2007 1,596,835 199,618 1,397,217 1,482,524 114,311
2008 1,608,282 201,280 1,407,002 1,493,670 114,612
2009 1,615,487 208,118 1,407,369 1,502,002 113,485
2010 1,613,803 209,771 1,404,032 1,500,936 112,867
2011 1,598,968 216,362 1,382,606 1,487,561 111,407
2012 1,570,397 217,815 1,352,582 1,461,625 108,772
2013b 1,576,950 215,866 1,361,084 1,465,592 111,358
2014c 1,561,525 210,567 1,350,958 1,448,564 112,961
Percent change
Average annual, 20042013 0.5% 1.8% 0.3% 0.5% 0.6%
20132014 -1.0 -2.5 -0.7 -1.2 1.4
Note: Jurisdiction refers to the legal authority of state or federal correctional officials over a prisoner, regardless of where the prisoner is held.
aIncludes inmates held in nonsecure privately operated community corrections facilities and juveniles held in contract facilities.
bNevada did not submit 2013 National Prisoner Statistics (NPS) data, and Alaska did not submit sex-specific jurisdiction counts to NPS in 2013, so data for these states were
imputed. See Methodology.
cTotal and state estimates include imputed counts for Alaska, which did not submit 2014 NPS data. See Methodology.

Source: Bureau of Justice Statistics, National Prisoner Statistics, 20042014.

P R I S O N E R S I N 2 01 4 | S E P T E M B E R 2015 2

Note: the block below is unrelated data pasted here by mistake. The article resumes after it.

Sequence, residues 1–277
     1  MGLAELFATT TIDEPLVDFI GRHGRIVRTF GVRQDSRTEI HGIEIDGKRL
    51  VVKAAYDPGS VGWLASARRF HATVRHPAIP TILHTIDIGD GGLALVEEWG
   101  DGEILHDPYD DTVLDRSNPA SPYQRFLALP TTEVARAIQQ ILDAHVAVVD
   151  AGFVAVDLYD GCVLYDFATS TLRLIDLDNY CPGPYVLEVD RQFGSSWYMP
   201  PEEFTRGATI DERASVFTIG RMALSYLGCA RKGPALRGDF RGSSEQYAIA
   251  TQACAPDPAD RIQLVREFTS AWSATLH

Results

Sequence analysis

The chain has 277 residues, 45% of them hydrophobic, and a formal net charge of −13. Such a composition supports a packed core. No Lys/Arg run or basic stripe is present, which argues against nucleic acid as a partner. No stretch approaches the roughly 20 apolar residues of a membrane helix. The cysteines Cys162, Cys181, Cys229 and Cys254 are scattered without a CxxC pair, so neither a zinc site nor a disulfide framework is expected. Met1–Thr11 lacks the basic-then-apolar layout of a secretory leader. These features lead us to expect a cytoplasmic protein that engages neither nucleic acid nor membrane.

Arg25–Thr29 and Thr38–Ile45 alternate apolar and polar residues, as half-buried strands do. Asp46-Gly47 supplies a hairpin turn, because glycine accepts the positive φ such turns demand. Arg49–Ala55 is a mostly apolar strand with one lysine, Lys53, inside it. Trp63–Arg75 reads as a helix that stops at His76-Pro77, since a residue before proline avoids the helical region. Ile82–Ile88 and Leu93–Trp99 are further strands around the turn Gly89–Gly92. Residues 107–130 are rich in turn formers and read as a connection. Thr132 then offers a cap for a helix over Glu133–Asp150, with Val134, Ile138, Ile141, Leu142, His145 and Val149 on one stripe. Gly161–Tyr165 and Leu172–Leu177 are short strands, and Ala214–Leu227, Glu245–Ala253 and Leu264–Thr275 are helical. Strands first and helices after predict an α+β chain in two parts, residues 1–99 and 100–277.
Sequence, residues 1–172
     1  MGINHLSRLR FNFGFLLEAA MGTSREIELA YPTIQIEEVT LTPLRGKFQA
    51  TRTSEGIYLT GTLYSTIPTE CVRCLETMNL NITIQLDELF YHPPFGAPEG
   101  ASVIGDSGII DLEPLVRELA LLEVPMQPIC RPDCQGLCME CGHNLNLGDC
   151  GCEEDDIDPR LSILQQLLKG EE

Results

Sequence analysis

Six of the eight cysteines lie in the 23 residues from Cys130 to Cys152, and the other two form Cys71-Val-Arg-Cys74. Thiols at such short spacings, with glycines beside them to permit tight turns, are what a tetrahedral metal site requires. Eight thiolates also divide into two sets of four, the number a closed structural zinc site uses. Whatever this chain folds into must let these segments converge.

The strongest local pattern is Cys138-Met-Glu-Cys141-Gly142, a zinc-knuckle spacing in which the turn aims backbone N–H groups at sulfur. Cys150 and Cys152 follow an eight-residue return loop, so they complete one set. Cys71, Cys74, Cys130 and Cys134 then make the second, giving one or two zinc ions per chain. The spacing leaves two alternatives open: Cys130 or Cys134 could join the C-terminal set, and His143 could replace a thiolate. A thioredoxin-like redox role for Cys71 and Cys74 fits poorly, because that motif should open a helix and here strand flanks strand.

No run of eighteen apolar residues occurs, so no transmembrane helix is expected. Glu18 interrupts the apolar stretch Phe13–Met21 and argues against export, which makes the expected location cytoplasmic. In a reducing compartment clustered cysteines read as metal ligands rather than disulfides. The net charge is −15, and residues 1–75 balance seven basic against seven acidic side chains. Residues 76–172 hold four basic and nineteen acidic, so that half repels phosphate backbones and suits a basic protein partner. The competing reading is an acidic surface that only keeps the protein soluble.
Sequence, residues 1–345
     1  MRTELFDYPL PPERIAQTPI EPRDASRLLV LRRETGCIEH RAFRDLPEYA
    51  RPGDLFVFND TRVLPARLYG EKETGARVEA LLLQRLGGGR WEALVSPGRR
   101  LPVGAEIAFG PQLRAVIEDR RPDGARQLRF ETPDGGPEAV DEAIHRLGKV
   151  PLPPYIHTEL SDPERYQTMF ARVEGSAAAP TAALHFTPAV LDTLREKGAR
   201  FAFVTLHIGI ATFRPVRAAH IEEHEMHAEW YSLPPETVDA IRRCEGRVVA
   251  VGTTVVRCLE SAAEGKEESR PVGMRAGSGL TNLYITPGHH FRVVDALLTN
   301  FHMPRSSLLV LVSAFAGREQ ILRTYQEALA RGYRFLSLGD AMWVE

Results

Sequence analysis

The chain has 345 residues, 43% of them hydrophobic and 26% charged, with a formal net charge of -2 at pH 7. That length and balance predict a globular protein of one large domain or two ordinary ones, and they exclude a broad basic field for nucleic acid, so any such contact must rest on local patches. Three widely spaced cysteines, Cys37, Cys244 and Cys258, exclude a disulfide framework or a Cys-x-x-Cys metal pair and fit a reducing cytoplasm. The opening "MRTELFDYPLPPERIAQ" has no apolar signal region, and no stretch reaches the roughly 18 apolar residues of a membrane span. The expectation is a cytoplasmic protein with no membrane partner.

Table 2
Prisoners under jurisdiction of state or federal correctional authorities, by sex, December 31, 2013 and 2014
2013 2014 Percent change, 20132014
Jurisdiction Total Male Female Total Male Female Total Male Female
U.S. totala 1,576,950 1,465,592 111,358 1,561,525 1,448,564 112,961 -1.0% -1.2% 1.4%
Federalb 215,866 201,697 14,169 210,567 196,568 13,999 -2.5% -2.5% -1.2%
Statea 1,361,084 1,263,895 97,189 1,350,958 1,251,996 98,962 -0.7% -0.9% 1.8%
Alabamac 32,381 29,660 2,721 31,771 29,182 2,589 -1.9 -1.6 -4.9
Alaskad,e,f 5,081 4,450 631 5,216 4,568 648 : : :
Arizonac 41,177 37,402 3,775 42,259 38,295 3,964 2.6 2.4 5.0
Arkansas 17,235 15,904 1,331 17,874 16,476 1,398 3.7 3.6 5.0
California 135,981 129,684 6,297 136,088 129,706 6,382 0.1 0.0 1.3
Colorado 20,371 18,556 1,815 20,646 18,738 1,908 1.3 1.0 5.1
Connecticutf,g 17,563 16,328 1,235 16,636 15,510 1,126 : : :
Delawaref 7,004 6,405 599 6,955 6,361 594 -0.7 -0.7 -0.8
Florida 103,028 95,757 7,271 102,870 95,567 7,303 -0.2 -0.2 0.4
Georgia 54,004 50,445 3,559 52,949 49,438 3,511 -2.0 -2.0 -1.3
Hawaiif 5,632 4,972 660 5,866 5,198 668 4.2 4.5 1.2
Idahoc 8,242 7,176 1,066 8,117 7,080 1,037 -1.5 -1.3 -2.7
Illinois 48,653 45,737 2,916 48,278 45,390 2,888 -0.8 -0.8 -1.0
Indiana 29,913 27,078 2,835 29,271 26,396 2,875 -2.1 -2.5 1.4
Iowa 8,697 7,983 714 8,838 8,086 752 1.6 1.3 5.3
Kansasc,g 9,763 9,026 737 9,663 8,881 782 : : :
Kentucky 21,030 18,717 2,313 21,657 19,084 2,573 3.0 2.0 11.2